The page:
Sunday, March 14, 2010
NX35 concert review: Trebuchet and Hogpig
Face melting rock? In Denton? You better believe it.
DENTON Critics can say what they will about Denton's NX35 festival -- the lack of musical diversity, doesn't represent DFW or Texas music, etc etc yadda yadda -- but on Saturday night, there were some excellent shows for North Texas music fans to witness. Besides the Flaming Lips' technical difficulties and Oso Closo's farewell show, two hard rock bands -- one on the up-and-up, one at the end of the road -- represented Texas Rock brilliantly at NX35.
Trebuchet is an anomaly in the vanilla-indie Denton scene: guitar-driven hard rock with plenty of raw emotion. Alternating seamlessly between heavy, pounding Orange Amp distortion and jazz-esque time changes and key changes, Trebuchet captured the decent-sized crowd's attention for the entire 30-minute set.
While the music was terrific, the one drawback was the live show: For a band that puts so much energy into rocking, they suffered from the too-common Denton musician "burying your head in your instrument" syndrome. Great music is about songwriting and melody; great performances are about the connection between musician and audience. If Trebuchet's live show could match what they put out on their double-CD release The Bear and the Moon, this could be one band primed to take over the hard rock scene in DFW.
Hogpig's show at Rubbergloves began on a sombre note: As soon as the band took the stage, a dour-looking Ian Johnson (vocals, bass) announced that this was likely their farewell show as well, even offering two cases of their last CD, Hold Back the Curse, for free at the front of the stage. Cynical fans of the hard rock quartet have been hearing that line since 2007 -- but a busted bass pedal one song in seemed a bit foreboding.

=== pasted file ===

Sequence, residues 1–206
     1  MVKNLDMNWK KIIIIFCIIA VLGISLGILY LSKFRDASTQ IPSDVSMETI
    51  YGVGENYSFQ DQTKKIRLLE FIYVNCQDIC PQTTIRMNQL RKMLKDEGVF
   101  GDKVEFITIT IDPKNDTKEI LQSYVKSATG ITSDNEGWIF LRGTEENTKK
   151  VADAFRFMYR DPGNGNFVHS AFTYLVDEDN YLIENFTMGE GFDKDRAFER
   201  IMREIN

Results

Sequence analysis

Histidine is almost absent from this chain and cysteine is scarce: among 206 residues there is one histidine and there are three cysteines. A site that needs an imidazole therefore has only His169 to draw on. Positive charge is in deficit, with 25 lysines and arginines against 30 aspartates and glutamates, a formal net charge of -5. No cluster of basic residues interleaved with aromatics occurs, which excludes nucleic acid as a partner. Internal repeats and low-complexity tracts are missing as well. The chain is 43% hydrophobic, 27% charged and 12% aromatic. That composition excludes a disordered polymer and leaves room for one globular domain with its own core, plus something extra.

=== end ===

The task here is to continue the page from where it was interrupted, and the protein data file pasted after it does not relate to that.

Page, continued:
After a 5-minute delay, the band got another pedal and proceeded to rock the mostly-full room at RGRS with their amazing blend of brutal Sabbathy symphonies and sarcastic lyrics. Singing a shortened set to a crowd that might very well have been mostly indie-folk fans (Telegraph Canyon was up next), Hogpig's balls-driven rock cut through the crowd like a +3 Battleaxe through babyfood.
The band knows what most people in this sleepy little college town refuse to admit; that The Sword-esque guitar riffs, thundering bass and cymbal-and-tom-heavy drums cut through the bulls--t and belt you in the face like no other form of music can. The booming, bass-heavy helicopter rhythm guitar riff of "Hammer for One" was the highlight of the show (and the album, for that matter) --it's the kind of music you'd expect to hear while watching Thor use a massive war ha mmer to beat the everliving s**t out of some storm giants in a raging lightning storm.
After "Hammer," the band had just enough time for one more song before closing up shop, although Johnson did note after the set was done that this may not be their last show afterall, mumbling incoherently about how the band "sucked" and the crowd energy was good. So fans of awesome sludge-rock, hopefully, will see one more Hogpig "farewell show" in the distant future.